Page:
Climate House, Oslo

The architecture of the Climate House is a synthesis of environmentally optimizing design and inspiration taken from the  surrounding Botanical Garden. The result is a distinct building that stands out, but which at the same time adapts to its context in unusual ways. The form is based on an optimization of the building’s performative characteristics, inspired by principles in nature. The shape maximizes the energy-producing and water-collecting roof surface and minimizes the footprint. The building form opens to the sky. The multifunctional roof provides energy, daylight, venting and water collection. 

At the same time the roof area is accessible to the public and a promenade follows the building’s cornice. Underneath we find the exhibition areas carried by four different programmed feet; an amphitheater, the technical room, an outdoor stage and vertical communication. The exhibition floor is one large and flexible space, with genereous ceiling height and daylight possibilities. The amphitheater can be an integral part of the exhibition, but also serves as a place for separate events and landscapes for socialization. This space is a spectacular room that can create a unique framework for the climate debate in the future.

Type: Architecture/Exhibition Design

Client: University of Oslo

Date: 2017

Status: One of two finalists, invited competition

Team: Espen Røyseland, Øystein Rø, Gauthier Durey, Frederikke Frølich, Margrete Bjone Engelien, Håvard Skarstein, Are Hagen, Søren Olav Bessesen.

Collaborators: Tinker Imagineers (Stan Boshouwers, Eddie Westbroek, Paul Van Houten, Leon Wijnhoud, Merieke Deveer, Anna Hoving, Ischa Vieten, Michael Buchner), Bollinger+Grohmann, Steensen Varming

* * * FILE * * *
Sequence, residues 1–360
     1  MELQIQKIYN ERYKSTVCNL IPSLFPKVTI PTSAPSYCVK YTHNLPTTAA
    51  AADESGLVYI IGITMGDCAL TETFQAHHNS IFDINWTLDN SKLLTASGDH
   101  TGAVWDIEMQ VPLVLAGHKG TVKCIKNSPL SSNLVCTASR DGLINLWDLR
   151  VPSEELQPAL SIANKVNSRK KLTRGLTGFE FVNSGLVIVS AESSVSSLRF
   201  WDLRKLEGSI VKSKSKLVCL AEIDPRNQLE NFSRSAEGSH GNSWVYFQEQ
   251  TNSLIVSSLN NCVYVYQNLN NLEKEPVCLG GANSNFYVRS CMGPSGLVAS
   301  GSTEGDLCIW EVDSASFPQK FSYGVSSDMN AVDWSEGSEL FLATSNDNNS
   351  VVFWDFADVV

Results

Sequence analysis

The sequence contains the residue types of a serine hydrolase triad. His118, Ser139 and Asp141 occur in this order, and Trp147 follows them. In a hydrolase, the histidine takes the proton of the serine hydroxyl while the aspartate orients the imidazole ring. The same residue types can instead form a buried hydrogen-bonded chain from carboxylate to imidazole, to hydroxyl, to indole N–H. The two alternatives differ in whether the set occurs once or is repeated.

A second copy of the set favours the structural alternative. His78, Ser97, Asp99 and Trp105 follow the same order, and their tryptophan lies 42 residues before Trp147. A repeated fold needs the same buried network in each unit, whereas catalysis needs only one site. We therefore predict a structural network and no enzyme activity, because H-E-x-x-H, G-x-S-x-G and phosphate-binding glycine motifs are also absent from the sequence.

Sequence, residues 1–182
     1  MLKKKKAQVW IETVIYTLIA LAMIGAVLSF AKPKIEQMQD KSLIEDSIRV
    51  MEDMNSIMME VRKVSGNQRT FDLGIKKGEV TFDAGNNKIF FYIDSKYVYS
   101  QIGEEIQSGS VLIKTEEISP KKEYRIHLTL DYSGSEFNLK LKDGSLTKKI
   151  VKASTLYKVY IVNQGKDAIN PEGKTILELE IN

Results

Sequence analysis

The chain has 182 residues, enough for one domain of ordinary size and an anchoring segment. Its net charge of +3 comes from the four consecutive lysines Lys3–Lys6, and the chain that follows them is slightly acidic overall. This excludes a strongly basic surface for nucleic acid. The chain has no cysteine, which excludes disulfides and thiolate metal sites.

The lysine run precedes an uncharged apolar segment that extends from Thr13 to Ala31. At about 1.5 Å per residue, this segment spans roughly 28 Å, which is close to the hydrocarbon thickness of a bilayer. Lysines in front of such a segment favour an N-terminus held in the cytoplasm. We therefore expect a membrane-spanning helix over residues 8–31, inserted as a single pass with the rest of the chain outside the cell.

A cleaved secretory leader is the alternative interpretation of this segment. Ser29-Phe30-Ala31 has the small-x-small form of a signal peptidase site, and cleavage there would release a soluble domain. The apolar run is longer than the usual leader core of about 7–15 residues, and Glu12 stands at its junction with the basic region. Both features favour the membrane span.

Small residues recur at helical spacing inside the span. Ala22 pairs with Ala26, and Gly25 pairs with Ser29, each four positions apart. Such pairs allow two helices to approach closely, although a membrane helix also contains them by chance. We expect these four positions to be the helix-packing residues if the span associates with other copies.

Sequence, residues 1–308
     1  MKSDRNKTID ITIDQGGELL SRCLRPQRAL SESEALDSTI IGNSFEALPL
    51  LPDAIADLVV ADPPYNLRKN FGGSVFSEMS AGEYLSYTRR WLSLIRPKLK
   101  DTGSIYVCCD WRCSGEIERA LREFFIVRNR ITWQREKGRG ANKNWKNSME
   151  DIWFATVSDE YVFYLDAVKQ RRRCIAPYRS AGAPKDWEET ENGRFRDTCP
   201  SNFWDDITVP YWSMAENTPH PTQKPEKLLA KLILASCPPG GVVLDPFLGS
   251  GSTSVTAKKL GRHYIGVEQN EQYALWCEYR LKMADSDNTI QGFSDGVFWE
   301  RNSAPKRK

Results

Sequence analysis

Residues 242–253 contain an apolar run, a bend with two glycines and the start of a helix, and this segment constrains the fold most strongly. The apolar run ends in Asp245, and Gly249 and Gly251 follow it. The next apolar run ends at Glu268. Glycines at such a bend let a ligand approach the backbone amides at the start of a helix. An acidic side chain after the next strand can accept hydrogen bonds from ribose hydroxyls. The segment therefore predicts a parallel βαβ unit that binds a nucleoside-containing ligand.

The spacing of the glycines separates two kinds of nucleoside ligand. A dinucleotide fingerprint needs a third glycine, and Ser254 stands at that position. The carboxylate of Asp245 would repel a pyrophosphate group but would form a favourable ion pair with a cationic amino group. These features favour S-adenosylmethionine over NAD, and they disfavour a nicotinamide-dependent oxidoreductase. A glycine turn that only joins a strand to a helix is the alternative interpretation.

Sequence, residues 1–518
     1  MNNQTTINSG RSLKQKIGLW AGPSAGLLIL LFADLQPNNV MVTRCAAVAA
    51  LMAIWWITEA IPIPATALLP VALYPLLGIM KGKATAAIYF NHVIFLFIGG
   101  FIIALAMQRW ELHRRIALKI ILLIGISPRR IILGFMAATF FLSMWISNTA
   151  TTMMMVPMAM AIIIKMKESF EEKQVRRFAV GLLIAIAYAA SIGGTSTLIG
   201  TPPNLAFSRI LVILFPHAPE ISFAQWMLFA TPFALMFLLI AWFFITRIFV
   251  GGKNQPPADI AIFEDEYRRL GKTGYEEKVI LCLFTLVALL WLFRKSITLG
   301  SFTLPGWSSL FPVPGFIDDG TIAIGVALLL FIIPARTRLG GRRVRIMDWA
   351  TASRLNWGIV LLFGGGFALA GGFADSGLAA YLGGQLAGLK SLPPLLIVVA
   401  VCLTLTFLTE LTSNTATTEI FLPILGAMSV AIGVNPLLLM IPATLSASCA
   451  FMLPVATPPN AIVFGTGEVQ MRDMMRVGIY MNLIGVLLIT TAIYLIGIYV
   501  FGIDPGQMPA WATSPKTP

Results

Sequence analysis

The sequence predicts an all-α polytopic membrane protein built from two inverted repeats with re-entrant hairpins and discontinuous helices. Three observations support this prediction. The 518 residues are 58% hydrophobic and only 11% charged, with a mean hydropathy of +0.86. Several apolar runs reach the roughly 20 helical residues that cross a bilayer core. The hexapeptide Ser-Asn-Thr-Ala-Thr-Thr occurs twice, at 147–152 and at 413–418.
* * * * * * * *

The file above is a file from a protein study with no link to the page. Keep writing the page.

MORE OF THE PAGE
Climate House, Oslo

The architecture of the Climate House is a synthesis of environmentally optimizing design and inspiration taken from the  surrounding Botanical Garden. The result is a distinct building that stands out, but which at the same time adapts to its context in unusual ways. The form is based on an optimization of the building’s performative characteristics, inspired by principles in nature. The shape maximizes the energy-producing and water-collecting roof surface and minimizes the footprint. The building form opens to the sky. The multifunctional roof provides energy, daylight, venting and water collection. At the same time the roof area is accessible to the public and a promenade follows the building’s cornice. Underneath we find the exhibition areas carried by four different programmed feet; an amphitheater, the technical room, an outdoor stage and vertical communication. The exhibition floor is one large and flexible space, with genereous ceiling height and daylight possibilities. The amphitheater can be an integral part of the exhibition, but also serves as a place for separate events and landscapes for socialization. This space is a spectacular room that can create a unique framework for the climate debate in the future.

Type: Architecture/Exhibition Design

Client: University of Oslo

Date: 2017

Status: One of two finalists, invited competition

Team: Espen Røyseland, Øystein Rø, Gauthier Durey, Frederikke Frølich, Margrete Bjone Engelien, Håvard Skarstein, Are Hagen, Søren Olav Bessesen.

Collaborators: Tinker Imagineers (Stan Boshouwers, Eddie Westbroek, Paul Van Houten, Leon Wijnhoud, Merieke Deveer, Anna Hoving, Ischa Vieten, Michael Buchner), Bollinger+Grohmann, Steensen Varming